In the Shadow of a Cloud Yelena Eckemoff
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- 1In the Shadow of a Cloud06:56
- 2Saratovsky Bridge05:12
- 3Fishing Village05:43
- 4Waters of Tsna River08:54
- 5Acorn Figurines07:13
- 6On the Motorboat07:16
- 7Hammock Stories07:14
- 8Picnic in the Oaks05:41
- 9Waltz of the Yellow Petals06:09
- 10Trail Along the River06:35
- 12Vision of a Hunt06:49
- 13The Fog07:50
- 14Tambov Streets on a Summer Night08:35
Info for In the Shadow of a Cloud
A self-described ‘old fashioned romantic,’ Moscow-born pianist-composer Yelena Eckemoff once again demonstrates uncommon lyricism and a gift for melody on In the Shadow of a Cloud, her most upbeat and accomplished recording to date. With a pristine touch and refined sense of form, Eckemoff organically blends classical elements with jazz improvisation in her evocative pieces that strike a delicate balance between being through-composed and full of open-ended exploration. Highly affecting music on In the Shadow of a Cloud is imbued with remarkable band interplay and daring improvisations from the jazz heavyweights - crew of New Yorkers in Chris Potter on multiple reeds and flute, Adam Rogers on guitar, Drew Gress on bass and Gerald Cleaver on drum - who serve as her sideman on this ambitious 2-CD set. In the Shadow of a Cloud is another personal statement from the prolific composer. Whether it’s her memories of the sound of grasshoppers in a country field, the massive iron railroad bridge with wooden walkways near her home, her grandpa’s motorboat, the sensation of swinging in a hammock with her mother or the fragrance of wild lilies mixed with the smells of warm asphalt and potatoes and onions frying on kerosene burners, Eckemoff’s In the Shadow of a Cloud stands as an evocative soundtrack for the life she left behind in Russia when she and her husband emigrated to North Carolina in 1991.
Eckemoff sheds her skin once again and comes in with a classic, ECM worthy date that finds her mixing angular jazz with left leaning impressionism aided by a crew of experienced New Yorkers that know how to deliver this sound and vision. This is the sound of her memories of days gone by, spread over two discs with some improv aces that know how to sound like she feels. Certainly something different and out of the ordinary. (Chris Spector for Midwest Record)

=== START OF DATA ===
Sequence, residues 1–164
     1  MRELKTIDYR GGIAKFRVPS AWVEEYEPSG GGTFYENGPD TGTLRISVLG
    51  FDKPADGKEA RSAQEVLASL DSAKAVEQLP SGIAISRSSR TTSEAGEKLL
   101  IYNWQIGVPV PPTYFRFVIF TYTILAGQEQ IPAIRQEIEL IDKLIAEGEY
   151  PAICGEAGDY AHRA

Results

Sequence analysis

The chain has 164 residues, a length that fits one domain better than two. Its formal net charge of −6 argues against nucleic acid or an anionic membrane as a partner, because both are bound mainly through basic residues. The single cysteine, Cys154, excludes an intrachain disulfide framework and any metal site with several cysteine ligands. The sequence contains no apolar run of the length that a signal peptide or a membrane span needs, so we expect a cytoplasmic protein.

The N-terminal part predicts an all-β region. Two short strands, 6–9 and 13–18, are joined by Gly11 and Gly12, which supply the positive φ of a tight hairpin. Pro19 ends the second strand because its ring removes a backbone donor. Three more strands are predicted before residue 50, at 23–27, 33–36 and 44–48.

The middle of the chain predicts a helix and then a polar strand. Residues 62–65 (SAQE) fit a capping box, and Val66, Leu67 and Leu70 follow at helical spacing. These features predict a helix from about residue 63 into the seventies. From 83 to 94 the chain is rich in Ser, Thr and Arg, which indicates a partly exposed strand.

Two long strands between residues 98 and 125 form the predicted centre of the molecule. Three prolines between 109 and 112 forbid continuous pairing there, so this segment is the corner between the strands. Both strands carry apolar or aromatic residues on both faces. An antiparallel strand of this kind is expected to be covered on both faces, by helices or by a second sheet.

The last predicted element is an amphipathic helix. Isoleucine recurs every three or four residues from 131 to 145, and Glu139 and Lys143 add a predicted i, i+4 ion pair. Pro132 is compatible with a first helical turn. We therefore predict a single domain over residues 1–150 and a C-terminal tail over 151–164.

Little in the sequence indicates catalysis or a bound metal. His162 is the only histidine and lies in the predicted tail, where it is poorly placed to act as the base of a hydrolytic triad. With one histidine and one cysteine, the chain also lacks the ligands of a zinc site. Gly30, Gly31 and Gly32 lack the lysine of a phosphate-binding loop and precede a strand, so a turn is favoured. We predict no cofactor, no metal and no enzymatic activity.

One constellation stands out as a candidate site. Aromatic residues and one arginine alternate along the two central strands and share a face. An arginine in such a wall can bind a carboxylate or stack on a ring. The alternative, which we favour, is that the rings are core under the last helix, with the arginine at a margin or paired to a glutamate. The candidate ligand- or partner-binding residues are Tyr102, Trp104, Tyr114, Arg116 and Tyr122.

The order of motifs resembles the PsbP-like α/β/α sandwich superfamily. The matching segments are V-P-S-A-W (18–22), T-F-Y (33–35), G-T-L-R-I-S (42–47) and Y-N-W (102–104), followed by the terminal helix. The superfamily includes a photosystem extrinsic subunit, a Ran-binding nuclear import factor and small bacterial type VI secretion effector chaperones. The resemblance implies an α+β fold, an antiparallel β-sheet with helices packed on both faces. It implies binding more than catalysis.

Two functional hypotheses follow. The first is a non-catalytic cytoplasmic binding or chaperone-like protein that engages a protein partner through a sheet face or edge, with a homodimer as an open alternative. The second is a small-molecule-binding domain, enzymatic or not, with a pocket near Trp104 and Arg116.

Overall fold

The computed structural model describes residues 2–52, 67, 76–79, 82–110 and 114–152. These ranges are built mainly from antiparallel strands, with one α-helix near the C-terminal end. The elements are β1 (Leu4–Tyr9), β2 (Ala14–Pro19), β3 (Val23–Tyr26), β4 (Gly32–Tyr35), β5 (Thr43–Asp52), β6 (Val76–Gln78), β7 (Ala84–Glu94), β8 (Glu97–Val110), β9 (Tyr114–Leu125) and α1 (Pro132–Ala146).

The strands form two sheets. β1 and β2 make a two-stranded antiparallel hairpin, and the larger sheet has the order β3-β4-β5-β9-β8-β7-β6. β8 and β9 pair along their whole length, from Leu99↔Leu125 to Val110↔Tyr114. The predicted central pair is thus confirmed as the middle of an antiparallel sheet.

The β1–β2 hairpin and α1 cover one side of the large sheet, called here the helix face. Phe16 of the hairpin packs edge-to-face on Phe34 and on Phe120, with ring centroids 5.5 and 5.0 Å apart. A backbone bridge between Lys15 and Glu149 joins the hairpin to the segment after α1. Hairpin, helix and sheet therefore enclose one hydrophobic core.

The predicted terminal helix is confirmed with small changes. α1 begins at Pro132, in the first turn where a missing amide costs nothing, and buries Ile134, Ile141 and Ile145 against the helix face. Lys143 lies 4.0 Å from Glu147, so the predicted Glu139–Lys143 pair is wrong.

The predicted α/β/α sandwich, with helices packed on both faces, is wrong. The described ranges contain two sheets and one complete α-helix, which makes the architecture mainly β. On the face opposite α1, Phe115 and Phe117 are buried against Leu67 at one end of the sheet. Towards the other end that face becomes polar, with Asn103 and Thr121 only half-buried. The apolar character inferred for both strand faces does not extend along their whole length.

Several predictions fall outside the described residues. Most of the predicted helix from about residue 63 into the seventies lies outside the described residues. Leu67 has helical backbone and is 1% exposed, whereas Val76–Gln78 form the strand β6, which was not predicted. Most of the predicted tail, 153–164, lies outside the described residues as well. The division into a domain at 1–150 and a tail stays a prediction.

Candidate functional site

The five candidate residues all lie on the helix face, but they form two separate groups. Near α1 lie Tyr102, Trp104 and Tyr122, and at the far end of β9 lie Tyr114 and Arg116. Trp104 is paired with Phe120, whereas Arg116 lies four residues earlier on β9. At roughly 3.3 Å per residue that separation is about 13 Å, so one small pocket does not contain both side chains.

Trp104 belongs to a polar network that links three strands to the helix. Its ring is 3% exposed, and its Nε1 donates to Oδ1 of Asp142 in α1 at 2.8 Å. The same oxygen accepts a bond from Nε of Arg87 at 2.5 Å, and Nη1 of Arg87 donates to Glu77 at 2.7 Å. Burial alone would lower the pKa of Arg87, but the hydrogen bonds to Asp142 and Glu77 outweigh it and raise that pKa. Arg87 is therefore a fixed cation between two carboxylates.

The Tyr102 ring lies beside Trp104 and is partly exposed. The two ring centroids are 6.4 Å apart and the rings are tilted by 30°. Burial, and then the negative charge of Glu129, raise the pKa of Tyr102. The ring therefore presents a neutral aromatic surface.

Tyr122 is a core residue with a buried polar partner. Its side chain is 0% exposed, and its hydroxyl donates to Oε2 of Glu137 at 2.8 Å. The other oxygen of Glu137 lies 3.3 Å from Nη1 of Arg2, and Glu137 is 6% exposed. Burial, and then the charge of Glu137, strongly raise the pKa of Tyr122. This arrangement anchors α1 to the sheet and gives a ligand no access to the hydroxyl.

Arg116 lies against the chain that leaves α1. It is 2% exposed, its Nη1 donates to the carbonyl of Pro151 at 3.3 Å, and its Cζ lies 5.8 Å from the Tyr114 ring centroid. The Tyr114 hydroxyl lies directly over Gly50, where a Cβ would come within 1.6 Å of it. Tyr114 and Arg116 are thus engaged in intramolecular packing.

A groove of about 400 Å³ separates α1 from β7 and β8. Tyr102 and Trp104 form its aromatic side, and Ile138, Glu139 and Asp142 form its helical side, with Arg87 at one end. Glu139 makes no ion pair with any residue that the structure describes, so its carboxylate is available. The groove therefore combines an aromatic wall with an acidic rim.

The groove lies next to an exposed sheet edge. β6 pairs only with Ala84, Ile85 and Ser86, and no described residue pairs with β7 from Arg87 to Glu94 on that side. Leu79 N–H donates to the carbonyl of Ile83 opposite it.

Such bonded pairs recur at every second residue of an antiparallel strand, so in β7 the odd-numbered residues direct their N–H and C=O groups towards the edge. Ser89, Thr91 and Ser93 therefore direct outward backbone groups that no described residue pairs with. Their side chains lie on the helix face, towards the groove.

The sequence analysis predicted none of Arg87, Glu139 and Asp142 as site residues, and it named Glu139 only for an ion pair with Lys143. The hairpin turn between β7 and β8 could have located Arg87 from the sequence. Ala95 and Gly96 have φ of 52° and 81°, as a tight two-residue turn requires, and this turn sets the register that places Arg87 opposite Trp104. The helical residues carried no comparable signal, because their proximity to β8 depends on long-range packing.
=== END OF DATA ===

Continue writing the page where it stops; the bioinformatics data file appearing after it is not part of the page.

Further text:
„The title track, which opens, is moody and atmospheric in a quintessential ECM-ish sense, though it contains elements of polyphony between the instruments that draws on Eckemoff s classical background. Potter delivers a powerful tenor solo here that culminates in some urgent free blowing in the rubato section. The saxophonist also shines on the driving Saratovsky Bridge and more introspective Fishing Village, both underscored by Cleaver s intuitive and interactive pulse on the kit. Potter delivers a rare turn on flute on the dreamy 5/4 Waters of Tsna River, which also features brilliant, cascading solos by Rogers and Yelena herself.
The gentle Acorn Figurines, underscored by Cleaver s delicate brushwork, is a kind of jazz sonata for quartet showcasing Rogers signature legato flow on the fretboard. Gress also turns in an arresting arco solo on this unique hybrid number. Guitarist Rogers also shines on the surging On the Motorboat, which shifts into the rubato zone midway through, resulting in some of the most provocative and free-wheeling moments of the session from all the participants. Album 1 closes with the lazy meditation Hammock Stories, which sets the perfect tone for a hot summer day in the backyard.
Album 2 opens with jaunty quartet swinger Picnic in the Oaks, which has Rogers, Eckemoff, Gress and Cleaver all contributing potent solos. Potter returns on soprano sax for the engaging Waltz of the Yellow Petals, which is fueled by Cleaver s loosely swinging approach to the kit and also features another remarkably fluid solo from Rogers. Potter s soprano solo here is outstanding, full of animated expression and surprises along the way, while Yelena engages in some spirited exchanges with him and Rogers near the end of the piece.
Another quartet number, Trail Along the River, has a distinctly through-composed quality, though Eckemoff and Rogers break loose for some sparkling solos within the form. Potter returns on soprano sax on the moody Lament, then adds a new color to the proceedings with his potent bass clarinet work on the driving Vision of a Hunt. The melancholy quartet ballad The Fog showcases Potter s soaring soprano sax alongside Yelena on piano, Gress on bass and Cleaver on drums. Album 2 closes with the very pleasant Tambov Streets on a Summer Night.
While some of her past works, like Leaving Everything Behind and Blooming Tall Phlox are largely nostalgic, the story of In the Shadow of a Cloud ends with an optimistic outlook at the present and future. As Eckemoff explains, In the last piece, Tambov Streets on a Summer Night, I turn down the opportunity to re-live my past as a shadow, invisible to all, and instead choose the present: Even though my heart aches with love/For the people and places of past days/I don t belong in those times anymore./My time is in the present/Where I have many tasks unfinished, where my life s work awaits me./No matter that the road before me grows shorter, I am eager to see what the future holds in store for me.“ (From Press Release by Bill Milkowski)
Yelena Eckemoff, piano
Chris Potter, tenor and soprano saxophones, flute, bass clarinet
Adam Rogers, electric guitar
Drew Gress, double bass
Gerald Cleaver, drums